The state’s tax credit scholarship program: He has been consistent in his opposition to school vouchers and said he opposes taking state money away from public schools for the state’s private school tax credit scholarship plan, which was a pet project of Rauner’s. Reporting from WBEZ found that 28 percent of the first-year recipients were not considered low-income even though the program was touted as a way to help low-income students attend schools they couldn’t afford otherwise.

Shoring up the flagging university system: Pritzker has said he’d push for increasing financial aid and restoring funding for colleges and universities that was cut during the Rauner administration. He said he’d push for making sure that community college credits transfer to public universities and work toward expanding career and technical education programs.

external control

State Board of Education pushes Adams 14 to give up authority over its schools

Aris Mocada-Orjas, left, and Abel Albarran work on a math problem at Hanson Elementary in Commerce City. (Denver Post file photo)

With the Adams 14 district failing to meet state academic expectations for eight years, Colorado education officials plan to send in an outside manager — but they don’t trust the district to agreeably cede its authority.

So before it steps in, the board late Wednesday moved to specify what powers it can force the district to give up.

State Board of Education members asked for an opinion from the Attorney General’s office.

The State Board met Wednesday to consider ordering drastic actions for the lowest performing school district in the state, in order to improve the education of the approximately 7,500 Adams 14 students. The state board was expected to vote Thursday, but may now delay its final order until getting legal advice on what it can request from the district.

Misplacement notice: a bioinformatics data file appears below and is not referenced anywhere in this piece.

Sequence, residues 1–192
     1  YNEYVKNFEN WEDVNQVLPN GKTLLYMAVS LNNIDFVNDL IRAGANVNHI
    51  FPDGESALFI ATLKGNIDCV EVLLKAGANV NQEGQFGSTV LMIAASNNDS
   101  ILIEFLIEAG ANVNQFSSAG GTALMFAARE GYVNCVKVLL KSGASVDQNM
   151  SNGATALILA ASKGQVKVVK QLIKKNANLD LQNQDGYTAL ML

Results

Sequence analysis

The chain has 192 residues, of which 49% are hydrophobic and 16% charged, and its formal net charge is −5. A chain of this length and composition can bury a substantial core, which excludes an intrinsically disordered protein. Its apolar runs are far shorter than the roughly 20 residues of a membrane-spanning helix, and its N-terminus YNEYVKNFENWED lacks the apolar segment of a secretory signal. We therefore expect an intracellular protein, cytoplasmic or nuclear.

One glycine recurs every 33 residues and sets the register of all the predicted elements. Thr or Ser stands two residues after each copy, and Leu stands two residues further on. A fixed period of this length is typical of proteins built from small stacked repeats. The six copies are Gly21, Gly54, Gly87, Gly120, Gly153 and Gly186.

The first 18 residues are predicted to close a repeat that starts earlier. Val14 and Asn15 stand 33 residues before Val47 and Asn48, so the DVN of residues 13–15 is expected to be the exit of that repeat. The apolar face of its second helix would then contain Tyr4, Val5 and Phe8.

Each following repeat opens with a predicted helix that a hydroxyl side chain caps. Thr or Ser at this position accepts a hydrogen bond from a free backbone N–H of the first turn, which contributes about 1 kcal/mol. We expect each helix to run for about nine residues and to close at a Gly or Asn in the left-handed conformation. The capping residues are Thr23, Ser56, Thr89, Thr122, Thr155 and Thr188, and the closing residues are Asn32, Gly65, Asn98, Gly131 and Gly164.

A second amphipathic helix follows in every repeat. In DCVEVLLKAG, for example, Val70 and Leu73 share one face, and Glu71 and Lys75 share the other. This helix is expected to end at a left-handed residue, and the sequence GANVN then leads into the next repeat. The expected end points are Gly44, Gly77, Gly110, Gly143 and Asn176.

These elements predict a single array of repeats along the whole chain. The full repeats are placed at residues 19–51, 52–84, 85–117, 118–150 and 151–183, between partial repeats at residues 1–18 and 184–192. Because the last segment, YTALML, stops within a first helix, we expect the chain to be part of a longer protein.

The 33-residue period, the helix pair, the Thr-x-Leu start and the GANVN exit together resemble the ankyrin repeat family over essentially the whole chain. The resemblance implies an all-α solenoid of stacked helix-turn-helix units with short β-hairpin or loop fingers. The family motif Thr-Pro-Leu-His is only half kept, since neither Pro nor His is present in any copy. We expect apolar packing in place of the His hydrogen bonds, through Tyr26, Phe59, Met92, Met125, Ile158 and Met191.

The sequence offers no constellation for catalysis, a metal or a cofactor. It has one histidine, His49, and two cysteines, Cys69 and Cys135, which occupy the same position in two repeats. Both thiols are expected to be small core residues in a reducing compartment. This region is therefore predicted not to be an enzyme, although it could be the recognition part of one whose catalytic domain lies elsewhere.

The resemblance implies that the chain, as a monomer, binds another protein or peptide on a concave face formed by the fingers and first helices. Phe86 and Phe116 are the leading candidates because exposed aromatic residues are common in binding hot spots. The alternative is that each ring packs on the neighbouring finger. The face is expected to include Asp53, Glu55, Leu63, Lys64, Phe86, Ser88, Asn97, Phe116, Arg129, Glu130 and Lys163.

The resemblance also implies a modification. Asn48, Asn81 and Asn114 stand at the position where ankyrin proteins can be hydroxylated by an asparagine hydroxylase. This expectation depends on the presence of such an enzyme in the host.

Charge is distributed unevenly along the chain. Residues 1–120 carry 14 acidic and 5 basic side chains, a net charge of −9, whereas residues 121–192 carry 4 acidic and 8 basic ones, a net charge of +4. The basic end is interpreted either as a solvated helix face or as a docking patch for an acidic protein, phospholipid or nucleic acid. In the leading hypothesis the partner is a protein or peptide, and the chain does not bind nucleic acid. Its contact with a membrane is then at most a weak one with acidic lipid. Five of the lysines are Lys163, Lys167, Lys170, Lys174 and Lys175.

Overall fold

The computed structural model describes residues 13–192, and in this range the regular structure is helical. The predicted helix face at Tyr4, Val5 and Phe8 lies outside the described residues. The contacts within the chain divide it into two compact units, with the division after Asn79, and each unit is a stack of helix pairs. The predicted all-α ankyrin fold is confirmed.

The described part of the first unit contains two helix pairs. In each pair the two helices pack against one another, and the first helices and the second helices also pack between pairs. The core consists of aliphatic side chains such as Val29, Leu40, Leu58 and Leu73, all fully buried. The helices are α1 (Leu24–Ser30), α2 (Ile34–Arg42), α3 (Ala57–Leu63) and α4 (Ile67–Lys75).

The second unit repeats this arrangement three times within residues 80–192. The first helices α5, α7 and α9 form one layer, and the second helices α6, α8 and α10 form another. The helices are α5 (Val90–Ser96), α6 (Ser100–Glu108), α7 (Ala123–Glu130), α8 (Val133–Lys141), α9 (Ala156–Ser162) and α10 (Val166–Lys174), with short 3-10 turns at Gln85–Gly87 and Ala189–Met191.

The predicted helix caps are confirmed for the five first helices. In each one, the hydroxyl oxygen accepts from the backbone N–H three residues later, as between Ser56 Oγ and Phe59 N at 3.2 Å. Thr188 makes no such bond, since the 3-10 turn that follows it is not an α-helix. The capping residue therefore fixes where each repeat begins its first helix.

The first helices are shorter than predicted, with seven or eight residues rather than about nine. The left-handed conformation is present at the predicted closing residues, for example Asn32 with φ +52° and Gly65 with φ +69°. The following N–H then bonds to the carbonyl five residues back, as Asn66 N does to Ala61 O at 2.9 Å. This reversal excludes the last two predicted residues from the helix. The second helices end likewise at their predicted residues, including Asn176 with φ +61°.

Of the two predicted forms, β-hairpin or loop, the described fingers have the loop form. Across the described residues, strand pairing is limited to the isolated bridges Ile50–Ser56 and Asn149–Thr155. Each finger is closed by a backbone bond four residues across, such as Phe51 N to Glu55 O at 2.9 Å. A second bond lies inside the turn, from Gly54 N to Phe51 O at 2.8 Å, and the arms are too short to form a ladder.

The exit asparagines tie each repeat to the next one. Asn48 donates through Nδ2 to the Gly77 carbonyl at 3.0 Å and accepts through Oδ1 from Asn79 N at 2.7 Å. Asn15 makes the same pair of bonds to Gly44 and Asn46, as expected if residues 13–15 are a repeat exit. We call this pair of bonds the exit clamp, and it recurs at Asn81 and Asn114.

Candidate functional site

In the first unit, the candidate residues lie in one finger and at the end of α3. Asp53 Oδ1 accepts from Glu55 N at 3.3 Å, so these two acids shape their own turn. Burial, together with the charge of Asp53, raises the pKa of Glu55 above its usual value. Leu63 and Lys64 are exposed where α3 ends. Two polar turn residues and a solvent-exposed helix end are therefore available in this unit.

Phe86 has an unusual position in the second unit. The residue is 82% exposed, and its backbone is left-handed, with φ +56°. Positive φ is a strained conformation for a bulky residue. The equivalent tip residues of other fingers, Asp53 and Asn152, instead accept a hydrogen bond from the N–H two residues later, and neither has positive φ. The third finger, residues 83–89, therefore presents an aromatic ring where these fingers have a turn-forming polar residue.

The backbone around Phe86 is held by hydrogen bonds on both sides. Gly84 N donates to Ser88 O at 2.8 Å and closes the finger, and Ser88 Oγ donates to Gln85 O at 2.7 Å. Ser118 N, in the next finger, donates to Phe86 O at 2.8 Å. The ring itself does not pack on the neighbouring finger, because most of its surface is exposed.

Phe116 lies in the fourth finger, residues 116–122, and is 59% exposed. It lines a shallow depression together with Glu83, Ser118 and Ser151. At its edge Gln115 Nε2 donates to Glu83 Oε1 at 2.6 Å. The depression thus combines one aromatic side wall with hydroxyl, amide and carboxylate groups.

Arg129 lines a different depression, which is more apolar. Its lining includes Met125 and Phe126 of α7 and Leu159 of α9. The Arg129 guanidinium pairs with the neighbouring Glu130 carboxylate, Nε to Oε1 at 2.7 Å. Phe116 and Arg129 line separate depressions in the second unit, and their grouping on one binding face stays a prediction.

State board member Joyce Rankin said the board must provide a clear and explicit explanation of its expectations, “because I thought we had this a year ago and apparently we did not.”

Leaders of Adams 14, based in Commerce City, presented their proposal to cede some of their authority, by hiring two outside groups — one to manage the district and one to manage the high school — but maintaining the local school board.

A state review panel that visited Adams 14 cited ineffective district leadership and recommended turning it over to an external manager.

Members of the State Board of Education had several critical questions for district leaders, especially around how much authority the district is willing to give up.

Superintendent Javier Abrego told the state board members that the external manager would not have control over hiring or firing staff.

Board member Steve Durham said that he sensed that both the Adams 14 school board and administration were unwilling to give up significant authority.

Durham earlier had pushed district leaders, including board President Connie Quintana, about whether they would voluntarily give up the right to approve every change an external manager might want to make.

Quintana said she would consider every one of the manager’s recommendation.

“They’re going to tell me what to do so I’m going to adhere to their directives,” Abrego tried to reassure Durham.

“Unless the board tells you to do something else,” Durham said. “It’s difficult to serve more than one master.”

When asked specifically about staffing, Quintana said she was not willing to give up that authority, and then when pushed further, said she would have to discuss it with the rest of the board and the district’s attorney.

State board members also said they had concerns that the district’s proposal sounds similar to its proposal last year, which hasn’t resulted in much progress.

Colorado law dictates that when a school or district has received one of the state’s two lowest ratings for more than five years in a row, the state must step in. Under the law passed earlier this decade, last year was the first year schools or districts could reach that five-year mark.